Friday, March 27, 2009

Beating back the chickens...

Authors like Cormac McCarthy and JD Salinger have reputations for being reclusive. You ever wonder why?

I blame the chickens.

In today's world with the Internet it is really easy to be visible. Anyone and everyone can and does mingle freely here. It can be great. If it wasn't for the Internet I wonder if I (being a huge extrovert) could handle being a writer. But it also has its drawbacks...what I call the chickens.

Chickens are the happenings (and sometimes people) who take little pecks out of you. For authors this can be in the form of a negative review, a slap from someone on a blog, or your own petty jealousy when someone else gets some award/book deal/praise you didn't get.

None of these things are major. All of them are things you should shake off, but over time, no matter how good you are at shaking, those little pecks slow you down and you find yourself slipping into a less than enthusiastic place. Some authors go further moving to what I call "life on the ledge."

For the most part, I don't think people mean to be chickens. In fact a chicken can even come in the form of praise or recognition. Your first book does great, people are excited about the next one, and doubt starts to build in your head...what if this is the one that flops? What if they all find out I'm a fraud?

Those chickens, they are sneaky beasts.

So, what do you do to avoid them? Do you follow McCarthy and Salinger's examples? Cut off your Internet and cultivate a love of being alone? Do you stop writing at least with the goal of publication all together? (Some authors do.) Or do you figure out a way to keep those chickens at bay? How do you live on the Internet without feeding the little critters?

I have my technique which usually involves a quick and hard reality check. This means stepping back and looking at the big picture instead of getting caught up in whatever the Internet passion of the moment it is. It also means not visiting sites or reading news that I know will feed my chickens. If your chickens get fat from your daily visits to Amazon, or a certain email loop that is one flame war after another, or even seeing deals posted on Publisher Marketplace--then don't go there. Cut yourself off. You can do it.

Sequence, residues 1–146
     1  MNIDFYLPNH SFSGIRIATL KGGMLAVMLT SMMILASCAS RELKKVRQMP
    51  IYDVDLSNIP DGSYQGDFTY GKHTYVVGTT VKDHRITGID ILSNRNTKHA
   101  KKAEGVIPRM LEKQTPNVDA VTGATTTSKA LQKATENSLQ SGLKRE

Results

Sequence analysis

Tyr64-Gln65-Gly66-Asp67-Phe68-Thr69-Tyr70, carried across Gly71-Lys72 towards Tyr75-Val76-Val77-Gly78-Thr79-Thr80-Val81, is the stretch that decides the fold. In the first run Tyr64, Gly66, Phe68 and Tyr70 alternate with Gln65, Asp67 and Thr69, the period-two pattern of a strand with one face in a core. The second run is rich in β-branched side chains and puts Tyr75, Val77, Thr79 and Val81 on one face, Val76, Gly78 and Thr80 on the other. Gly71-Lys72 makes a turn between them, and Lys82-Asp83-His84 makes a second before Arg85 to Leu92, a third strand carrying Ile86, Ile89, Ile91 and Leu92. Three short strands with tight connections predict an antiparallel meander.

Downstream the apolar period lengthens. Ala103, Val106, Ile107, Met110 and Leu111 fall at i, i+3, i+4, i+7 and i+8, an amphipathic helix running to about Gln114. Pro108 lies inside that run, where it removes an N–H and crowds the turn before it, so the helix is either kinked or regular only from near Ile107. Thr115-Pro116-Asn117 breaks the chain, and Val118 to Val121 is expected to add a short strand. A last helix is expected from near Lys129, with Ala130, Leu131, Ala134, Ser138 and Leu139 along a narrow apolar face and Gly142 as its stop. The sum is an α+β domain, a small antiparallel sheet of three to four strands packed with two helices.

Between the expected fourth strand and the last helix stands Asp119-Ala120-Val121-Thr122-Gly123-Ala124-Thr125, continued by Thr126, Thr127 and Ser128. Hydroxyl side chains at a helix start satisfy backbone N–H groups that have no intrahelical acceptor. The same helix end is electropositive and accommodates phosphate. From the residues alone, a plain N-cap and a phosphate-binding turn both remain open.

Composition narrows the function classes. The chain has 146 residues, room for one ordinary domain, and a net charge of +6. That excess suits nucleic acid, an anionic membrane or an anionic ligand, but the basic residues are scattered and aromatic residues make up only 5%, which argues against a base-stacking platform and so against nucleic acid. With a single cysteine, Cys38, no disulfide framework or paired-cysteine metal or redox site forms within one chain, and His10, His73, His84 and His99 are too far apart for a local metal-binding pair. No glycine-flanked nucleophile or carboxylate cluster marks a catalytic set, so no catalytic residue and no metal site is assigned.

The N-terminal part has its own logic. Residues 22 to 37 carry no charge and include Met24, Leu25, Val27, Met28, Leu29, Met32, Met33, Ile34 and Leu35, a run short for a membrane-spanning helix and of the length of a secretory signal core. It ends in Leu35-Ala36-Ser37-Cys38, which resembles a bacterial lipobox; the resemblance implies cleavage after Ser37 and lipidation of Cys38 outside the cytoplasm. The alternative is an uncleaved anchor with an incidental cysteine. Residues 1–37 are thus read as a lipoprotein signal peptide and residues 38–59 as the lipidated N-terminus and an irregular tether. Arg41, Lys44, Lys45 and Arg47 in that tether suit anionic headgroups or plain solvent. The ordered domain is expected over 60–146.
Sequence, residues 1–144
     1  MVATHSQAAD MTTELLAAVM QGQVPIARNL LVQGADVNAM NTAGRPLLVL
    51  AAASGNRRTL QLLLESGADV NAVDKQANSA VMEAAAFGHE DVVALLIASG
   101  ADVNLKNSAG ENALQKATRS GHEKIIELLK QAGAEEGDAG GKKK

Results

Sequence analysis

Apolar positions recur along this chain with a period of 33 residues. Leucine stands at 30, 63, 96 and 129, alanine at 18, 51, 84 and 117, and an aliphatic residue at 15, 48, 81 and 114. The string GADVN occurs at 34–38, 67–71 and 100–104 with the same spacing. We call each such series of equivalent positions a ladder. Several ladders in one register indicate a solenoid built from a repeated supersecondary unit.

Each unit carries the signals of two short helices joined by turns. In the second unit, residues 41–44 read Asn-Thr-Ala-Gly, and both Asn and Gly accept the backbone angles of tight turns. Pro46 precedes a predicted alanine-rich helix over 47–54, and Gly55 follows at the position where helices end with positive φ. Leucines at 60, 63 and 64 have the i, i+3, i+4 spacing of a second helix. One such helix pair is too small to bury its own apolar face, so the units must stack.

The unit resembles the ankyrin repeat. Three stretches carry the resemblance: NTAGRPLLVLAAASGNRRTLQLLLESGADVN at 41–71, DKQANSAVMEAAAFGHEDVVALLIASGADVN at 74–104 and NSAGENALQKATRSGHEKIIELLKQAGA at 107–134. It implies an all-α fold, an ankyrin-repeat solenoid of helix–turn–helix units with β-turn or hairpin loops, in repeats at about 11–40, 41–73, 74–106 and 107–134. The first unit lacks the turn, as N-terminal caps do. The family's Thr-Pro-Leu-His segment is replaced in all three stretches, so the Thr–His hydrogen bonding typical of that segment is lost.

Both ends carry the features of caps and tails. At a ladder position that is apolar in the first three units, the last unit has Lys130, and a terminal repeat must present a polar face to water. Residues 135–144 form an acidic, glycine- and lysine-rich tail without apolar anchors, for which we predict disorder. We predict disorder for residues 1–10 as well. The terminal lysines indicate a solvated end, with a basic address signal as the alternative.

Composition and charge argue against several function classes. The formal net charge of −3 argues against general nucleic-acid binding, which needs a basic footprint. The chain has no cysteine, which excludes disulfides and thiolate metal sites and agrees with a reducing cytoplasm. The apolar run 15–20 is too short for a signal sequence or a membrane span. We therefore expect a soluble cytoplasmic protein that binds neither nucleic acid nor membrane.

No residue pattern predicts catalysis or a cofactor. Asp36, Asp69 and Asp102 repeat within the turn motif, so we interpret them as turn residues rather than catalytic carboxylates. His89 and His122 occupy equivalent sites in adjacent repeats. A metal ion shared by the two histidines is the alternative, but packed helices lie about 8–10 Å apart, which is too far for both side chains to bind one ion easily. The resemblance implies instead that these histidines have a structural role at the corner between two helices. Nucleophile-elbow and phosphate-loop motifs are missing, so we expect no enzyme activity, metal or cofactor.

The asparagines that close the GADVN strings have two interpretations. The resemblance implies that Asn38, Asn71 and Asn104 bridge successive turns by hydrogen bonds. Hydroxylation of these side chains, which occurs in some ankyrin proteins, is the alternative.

I've eliminated a lot of chickens from my life in the last year, and I have to say I am a much happier author because of it. AND while I have glanced at the ledge I haven't stepped onto it or packed up my bags to move to the deep woods.

How about you? Any chickens?


Teresa Bodwell said...

Here's a technique--picturing these things as chickens will make you laugh.

I'm going to try it, anyway.

Question--so where is this ledge?

Lori Devoti said...

Terry, I can honestly say I've never seen you near the ledge. You are one of those rare sane authors.

Jess Granger said...

Isn't sane a matter of degree?


Casey said...

I think you're very wise to avoid those chicken-causing people, places and incidents, Lori. I try to do the same to keep the chickens in my life under control. Unfortunately, one of my chicken-inciting incidents is reading fiction. I read good fiction and I get absolutely paralyzed, convinced that I could never be as good/clever/talented/smart. I have learned the only way to control that chicken is to lop off it's head--I don't often read fiction. It's painful, I miss it. But that's what helps keep me from the ledge.

Tricia Fields said...

Great post, Lori. I would have never thought of these little things as chickens, but they do take little pecks out of you, especially when you're not published yet. Writing is a tough business, and you have to find ways to "beat back [your] chickens" if you're going to survive in this industry.

I used to chase my great-aunts chickens, until they turned around, then I ran from them. I wonder what kind of weapon I need to get to beat them back, instead of running away from them, or letting them attack.